HPV or Human papillomavirus is one of the most common sexually transmitted infections among men and women. It is common in the United States and every year around 14 million people get affected by this infection. Most of the men and women who are sexually active get exposed to the virus at some point in their life.
HPV can cause certain types of cancer or can result in genital warts. 19,400 women get cancer that stems from HPV (a number much higher than affected men). However, the vaccine Gardasil 9 has gotten approval to be used for both men and women aged between 27 – 45 years of age. Previously this vaccination was approved only for women up to 26 years of age, but with the discovery of the immunization that can be used for women above this age, it can literally protect women from certain cancers like cervical cancers, oral cancers, and vulvar, vaginal, and cervical precancerous lesions.
Dr. Lauren Streicher, MD, of the Northwestern Medicine Center for Sexual Medicine and Menopause asserted about Gardasil 9 vaccination, "It's huge because this [older, previously disregarded] population is very much exposed to, and suffering the consequences of, HPV and will now have the opportunity to be protected”… “In a perfect world we want to prevent cancer and it's essentially an anti-cancer vaccine”.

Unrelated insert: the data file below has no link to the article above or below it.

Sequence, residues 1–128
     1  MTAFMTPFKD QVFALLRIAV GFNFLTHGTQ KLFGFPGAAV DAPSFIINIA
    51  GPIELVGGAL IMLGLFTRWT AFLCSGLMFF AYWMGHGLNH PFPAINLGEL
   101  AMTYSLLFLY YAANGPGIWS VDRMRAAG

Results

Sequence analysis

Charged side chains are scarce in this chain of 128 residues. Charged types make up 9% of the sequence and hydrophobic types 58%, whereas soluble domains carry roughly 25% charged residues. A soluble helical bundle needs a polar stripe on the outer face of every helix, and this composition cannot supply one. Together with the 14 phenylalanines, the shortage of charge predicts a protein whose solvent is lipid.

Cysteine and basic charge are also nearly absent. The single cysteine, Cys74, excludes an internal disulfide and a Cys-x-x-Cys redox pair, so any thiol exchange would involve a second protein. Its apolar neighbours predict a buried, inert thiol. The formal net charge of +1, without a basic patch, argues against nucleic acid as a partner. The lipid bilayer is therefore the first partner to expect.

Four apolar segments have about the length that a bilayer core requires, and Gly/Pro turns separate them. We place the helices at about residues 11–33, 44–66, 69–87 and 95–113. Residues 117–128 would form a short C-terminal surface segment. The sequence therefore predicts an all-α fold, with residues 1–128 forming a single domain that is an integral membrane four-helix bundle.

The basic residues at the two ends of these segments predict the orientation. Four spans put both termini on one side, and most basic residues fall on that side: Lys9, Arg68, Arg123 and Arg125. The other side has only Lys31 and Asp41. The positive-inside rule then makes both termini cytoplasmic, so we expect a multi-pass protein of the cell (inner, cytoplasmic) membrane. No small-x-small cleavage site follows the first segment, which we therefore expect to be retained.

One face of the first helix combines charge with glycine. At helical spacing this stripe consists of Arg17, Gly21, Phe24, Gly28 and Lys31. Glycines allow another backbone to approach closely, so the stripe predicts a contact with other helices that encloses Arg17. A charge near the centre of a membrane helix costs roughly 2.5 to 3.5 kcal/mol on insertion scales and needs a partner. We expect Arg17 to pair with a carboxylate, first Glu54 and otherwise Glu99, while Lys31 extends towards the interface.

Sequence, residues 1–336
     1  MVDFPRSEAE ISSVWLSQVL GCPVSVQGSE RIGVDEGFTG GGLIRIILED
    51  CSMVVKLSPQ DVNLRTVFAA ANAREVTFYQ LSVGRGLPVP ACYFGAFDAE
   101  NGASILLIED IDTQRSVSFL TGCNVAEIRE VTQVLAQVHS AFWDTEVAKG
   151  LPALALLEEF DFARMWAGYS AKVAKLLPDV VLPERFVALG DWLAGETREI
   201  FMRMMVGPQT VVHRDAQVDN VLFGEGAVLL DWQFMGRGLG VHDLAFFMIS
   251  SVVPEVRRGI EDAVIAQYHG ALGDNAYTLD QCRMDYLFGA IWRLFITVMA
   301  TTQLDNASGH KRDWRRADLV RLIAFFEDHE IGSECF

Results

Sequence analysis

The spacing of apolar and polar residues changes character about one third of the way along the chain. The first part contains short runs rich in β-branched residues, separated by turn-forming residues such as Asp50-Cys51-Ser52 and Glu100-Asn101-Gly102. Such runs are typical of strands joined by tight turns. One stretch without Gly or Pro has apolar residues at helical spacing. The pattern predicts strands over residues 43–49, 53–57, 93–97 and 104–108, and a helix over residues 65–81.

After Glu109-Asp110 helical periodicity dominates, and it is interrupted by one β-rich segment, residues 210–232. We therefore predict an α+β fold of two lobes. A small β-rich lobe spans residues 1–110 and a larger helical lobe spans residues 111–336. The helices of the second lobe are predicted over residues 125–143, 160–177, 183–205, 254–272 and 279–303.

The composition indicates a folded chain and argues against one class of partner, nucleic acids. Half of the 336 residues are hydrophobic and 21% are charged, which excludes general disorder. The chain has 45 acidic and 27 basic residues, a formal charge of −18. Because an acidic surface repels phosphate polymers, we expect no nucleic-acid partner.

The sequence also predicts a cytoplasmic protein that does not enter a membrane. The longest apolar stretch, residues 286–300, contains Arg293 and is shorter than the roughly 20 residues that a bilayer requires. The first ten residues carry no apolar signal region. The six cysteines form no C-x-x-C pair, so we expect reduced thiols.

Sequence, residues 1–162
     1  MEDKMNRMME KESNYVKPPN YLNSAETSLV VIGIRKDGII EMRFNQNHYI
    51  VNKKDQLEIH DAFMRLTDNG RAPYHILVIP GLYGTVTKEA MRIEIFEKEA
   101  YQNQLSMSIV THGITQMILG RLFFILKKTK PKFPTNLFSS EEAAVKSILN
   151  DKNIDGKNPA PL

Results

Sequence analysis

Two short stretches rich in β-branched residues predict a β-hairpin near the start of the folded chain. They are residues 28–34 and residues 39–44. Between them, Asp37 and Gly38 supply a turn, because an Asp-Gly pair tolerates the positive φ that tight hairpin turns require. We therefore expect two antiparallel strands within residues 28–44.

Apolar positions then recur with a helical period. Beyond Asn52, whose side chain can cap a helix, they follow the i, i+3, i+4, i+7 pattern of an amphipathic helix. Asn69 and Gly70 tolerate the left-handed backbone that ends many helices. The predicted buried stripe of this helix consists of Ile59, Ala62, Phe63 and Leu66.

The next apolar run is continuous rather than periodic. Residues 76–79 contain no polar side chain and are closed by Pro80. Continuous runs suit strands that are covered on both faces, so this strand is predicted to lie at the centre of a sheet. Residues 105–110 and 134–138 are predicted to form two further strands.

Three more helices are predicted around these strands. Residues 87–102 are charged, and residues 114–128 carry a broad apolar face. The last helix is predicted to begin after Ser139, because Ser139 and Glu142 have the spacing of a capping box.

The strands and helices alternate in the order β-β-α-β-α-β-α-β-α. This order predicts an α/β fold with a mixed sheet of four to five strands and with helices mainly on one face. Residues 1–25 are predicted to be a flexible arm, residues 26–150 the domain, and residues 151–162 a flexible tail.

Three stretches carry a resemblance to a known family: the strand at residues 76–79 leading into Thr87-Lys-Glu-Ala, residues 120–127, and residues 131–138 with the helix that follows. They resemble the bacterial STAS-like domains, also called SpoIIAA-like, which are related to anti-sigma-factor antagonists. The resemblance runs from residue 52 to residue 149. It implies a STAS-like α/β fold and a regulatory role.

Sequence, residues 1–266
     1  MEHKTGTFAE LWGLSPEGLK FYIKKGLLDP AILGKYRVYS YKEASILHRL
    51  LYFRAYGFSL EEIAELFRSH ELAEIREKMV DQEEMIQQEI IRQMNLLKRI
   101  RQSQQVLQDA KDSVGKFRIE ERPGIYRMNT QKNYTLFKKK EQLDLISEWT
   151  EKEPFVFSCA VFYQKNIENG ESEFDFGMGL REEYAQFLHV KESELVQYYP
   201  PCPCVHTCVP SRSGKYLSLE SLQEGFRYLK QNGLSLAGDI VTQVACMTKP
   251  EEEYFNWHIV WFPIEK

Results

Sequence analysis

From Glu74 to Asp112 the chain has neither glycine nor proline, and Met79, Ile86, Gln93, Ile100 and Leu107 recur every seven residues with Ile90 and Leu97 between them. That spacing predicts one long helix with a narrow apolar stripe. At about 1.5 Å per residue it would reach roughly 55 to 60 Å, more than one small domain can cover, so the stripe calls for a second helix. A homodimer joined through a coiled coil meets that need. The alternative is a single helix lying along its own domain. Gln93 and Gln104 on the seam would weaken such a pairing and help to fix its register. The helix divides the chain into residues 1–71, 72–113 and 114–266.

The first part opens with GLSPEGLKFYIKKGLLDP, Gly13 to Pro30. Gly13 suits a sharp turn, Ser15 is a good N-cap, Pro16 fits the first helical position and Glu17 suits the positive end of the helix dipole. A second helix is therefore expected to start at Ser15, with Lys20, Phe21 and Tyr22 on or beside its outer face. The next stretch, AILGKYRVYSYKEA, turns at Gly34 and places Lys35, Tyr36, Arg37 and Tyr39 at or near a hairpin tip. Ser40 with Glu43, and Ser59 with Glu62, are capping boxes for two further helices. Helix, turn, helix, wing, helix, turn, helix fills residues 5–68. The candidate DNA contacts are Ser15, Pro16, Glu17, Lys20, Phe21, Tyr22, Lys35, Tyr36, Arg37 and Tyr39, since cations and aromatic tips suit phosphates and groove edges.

Some important facts about Gardasil 9 vaccine:
- Gardasil 9 vaccine was always an important immunization for both boys and girls to protect them against certain types of cancer and infection caused by 9 types of HPV later in life.
- HPV vaccination is a series of immunization dosage for your child that has to be completed within the stipulated time as advised by the doctor.
- There are a number of side effects that may be experienced after getting a shot of the vaccination like -
- Swelling & redness
- Pain & itchiness
- It is recommended that a young person gets the vaccination shot before getting sexually active.
- The vaccination can protect you against the 9 strains of HPV but if you have already been exposed to any particular strain of HPV, the vaccine will not work against that particular strain. It will prevent the other strains from affecting you.
- Dr. Ginger J. Gardner, MD, FACOG, and gynecologic surgeon at Memorial Sloan Kettering Cancer Center says that the Gardasil 9 vaccine boosts the immune system to protect women against cervical and other challenging gynecologic cancers.
- Dr. Lauren Streicher has emphasized on the fact that if a certain woman has already been diagnosed with HPV, she should still get the vaccination done because "A woman is likely to live well into her '80s or ‘90s and if we can prevent the [gynecologic] cancers she might get by vaccinating now, it gives her a great advantage”.
- Medical researchers have also stressed the fact that Gardasil 9 vaccination can prevent up to 93% of cervical cancer cases. And since STDs are always at a higher rate, it is best to get a preventive biological treatment done to prevent exposure to HPV.
Did you get your HPV vaccination yet? If not, visit your gynecologist today for more information and professional advice. Spread the word on the Gardasil vaccination and save a fellow woman.